I skipped the article but was quite taken by this comment from here : https://news.ycombinator.com/item?id=27959428

According to this article just 5% of the world’s power plants account for almost three-quarters of carbon emissions from electricity generation.

I think this may be one of the most encouraging bits of news about AGW that I’ve seen in a long time. 5% of electric power plants (about 1500 plants) is a lot, but it’s a manageable lot. This gives us a clearly defined area of attack with a very high ROI. It seems to say: if we’re going to get serious about saving ourselves, start here and go all in. The paper lists the top 10 polluting plants… unsurprisingly many of them are in China and India, but at least one is in Germany. If Germany wants to set an example, there’s where to start.


“If Germany wants to set an example” lol… actions speak louder than words… and the German government’s actions over the last decade have all been extremely counter-productive. If you want an example of how to not do it, look no further than Germany.

Yea… But good luck saving the Earth with just putting a giant ash cork on the biggest smoke stack you can find.

You can’t just “pull them offline” without definitive solutions.

Thus if we got a 1.5GigaWatts to “take out” then those 1.5GigaWatts needs to also be replaced say by ironically nuclear reactors. Because frankly that’s the only thing “as good if not better” than coal/natural fired plants. If we are to “drop in” replaces them so to speak.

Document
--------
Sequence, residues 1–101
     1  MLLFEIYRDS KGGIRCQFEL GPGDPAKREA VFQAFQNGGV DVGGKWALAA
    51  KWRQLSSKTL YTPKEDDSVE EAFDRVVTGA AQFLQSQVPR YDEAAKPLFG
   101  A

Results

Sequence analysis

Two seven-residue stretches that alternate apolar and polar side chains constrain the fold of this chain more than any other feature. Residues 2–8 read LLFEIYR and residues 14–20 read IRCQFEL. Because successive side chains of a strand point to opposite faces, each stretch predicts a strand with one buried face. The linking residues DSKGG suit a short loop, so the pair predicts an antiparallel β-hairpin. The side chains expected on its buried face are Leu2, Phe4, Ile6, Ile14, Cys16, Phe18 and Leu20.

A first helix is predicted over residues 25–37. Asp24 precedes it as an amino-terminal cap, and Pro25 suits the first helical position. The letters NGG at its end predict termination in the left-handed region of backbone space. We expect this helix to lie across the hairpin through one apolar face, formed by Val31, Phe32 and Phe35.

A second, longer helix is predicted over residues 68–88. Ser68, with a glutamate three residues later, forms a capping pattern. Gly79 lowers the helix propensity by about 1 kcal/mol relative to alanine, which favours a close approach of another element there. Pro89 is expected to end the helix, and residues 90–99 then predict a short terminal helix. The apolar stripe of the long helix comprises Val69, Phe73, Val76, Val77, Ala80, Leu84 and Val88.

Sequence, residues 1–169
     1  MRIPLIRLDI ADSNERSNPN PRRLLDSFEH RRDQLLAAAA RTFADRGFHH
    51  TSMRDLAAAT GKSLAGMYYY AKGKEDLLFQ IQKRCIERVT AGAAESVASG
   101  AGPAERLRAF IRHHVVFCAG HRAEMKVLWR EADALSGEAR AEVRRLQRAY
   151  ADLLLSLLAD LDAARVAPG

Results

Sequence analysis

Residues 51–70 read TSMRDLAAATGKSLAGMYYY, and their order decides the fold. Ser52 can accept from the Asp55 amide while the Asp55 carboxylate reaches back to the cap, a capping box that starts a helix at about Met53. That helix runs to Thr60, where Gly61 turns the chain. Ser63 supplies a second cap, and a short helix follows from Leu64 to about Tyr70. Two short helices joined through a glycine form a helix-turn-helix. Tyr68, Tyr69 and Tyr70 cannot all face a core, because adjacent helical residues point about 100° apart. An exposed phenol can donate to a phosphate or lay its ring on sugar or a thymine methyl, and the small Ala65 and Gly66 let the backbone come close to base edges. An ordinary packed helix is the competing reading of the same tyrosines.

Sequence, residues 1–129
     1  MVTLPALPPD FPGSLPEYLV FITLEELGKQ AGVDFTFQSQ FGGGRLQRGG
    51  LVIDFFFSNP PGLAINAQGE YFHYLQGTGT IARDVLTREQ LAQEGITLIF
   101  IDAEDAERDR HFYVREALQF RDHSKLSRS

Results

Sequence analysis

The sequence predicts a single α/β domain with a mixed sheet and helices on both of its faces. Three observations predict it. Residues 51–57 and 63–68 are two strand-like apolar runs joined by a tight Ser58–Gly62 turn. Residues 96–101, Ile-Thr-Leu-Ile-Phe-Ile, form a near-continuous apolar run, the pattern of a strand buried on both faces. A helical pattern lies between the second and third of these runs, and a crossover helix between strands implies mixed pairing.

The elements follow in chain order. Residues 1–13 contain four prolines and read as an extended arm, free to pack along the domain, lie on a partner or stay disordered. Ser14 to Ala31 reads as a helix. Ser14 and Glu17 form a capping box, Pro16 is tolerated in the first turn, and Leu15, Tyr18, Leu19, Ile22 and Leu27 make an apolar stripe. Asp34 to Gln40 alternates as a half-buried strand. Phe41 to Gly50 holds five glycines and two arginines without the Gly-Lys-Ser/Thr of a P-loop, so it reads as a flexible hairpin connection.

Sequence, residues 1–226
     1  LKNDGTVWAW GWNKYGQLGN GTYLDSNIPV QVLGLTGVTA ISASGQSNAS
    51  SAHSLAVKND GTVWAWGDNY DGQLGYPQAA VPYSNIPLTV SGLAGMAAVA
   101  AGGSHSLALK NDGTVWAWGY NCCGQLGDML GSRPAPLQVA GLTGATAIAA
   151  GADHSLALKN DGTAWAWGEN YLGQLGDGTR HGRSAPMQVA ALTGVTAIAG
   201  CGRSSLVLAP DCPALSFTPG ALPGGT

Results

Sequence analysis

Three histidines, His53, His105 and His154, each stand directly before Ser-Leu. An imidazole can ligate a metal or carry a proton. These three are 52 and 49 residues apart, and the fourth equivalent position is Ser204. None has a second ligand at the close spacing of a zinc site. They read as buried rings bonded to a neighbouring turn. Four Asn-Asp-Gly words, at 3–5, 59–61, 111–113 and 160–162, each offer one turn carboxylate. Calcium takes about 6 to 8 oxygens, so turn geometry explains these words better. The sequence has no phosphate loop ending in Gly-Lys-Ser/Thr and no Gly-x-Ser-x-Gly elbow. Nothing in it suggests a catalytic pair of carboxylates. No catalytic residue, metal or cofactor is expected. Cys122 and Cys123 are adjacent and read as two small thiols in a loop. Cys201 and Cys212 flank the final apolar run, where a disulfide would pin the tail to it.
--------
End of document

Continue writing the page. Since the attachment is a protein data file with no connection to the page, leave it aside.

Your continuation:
Is that really still the case? With the huge gain in renewable efficiency over the last decade, I’d be surprised if it was. I also heard it takes a long time from the start of construction until a nuclear plant goes online, which makes them less than ideal in a climate emergency.

Indeed if you want something as space dense, doesn’t requires energy storage and so forth a Nuclear Reactor is the “next centralized power plant” of the future. Short of a proper fusion reactor that is.

There’s even reactors that are in the works attempting to rectifies or at least make nuclear reactors even more sustainable by running their waste byproducts for “another go around” dropping their half lives from thousands if not millions of years down to just years or a few decades at most.

While I don’t think reactors are the “holy grail” of greenifying our grids I do think however they are the backbone of choice though. As compared to batteries of solar panels, turbines, battery packs, etc.

Do you have sources that I could read? I’m admittedly not an expert in energy production, but a cursory search of nuclear energy seems to lead to a fairly good consensus that it is more expensive, more emmiting and slower to get up and running than equivalent renewables. I’d be interested in reading dissenting opinions.

Interesting… According to https://www.youtube.com/watch?v=DW0jTe80kmM , https://www.youtube.com/watch?v=EhAemz1v7dQ , https://www.youtube.com/watch?v=Jzfpyo-q-RM and https://www.youtube.com/watch?v=J3znG6_vla0

Either says Nuclear is the way to go or at least is to be coupled with renewables for base loads. Considering the space, people killed per Tw/hr and so forth.

Vegafjord eo

Sounds like a great direct action idea :D

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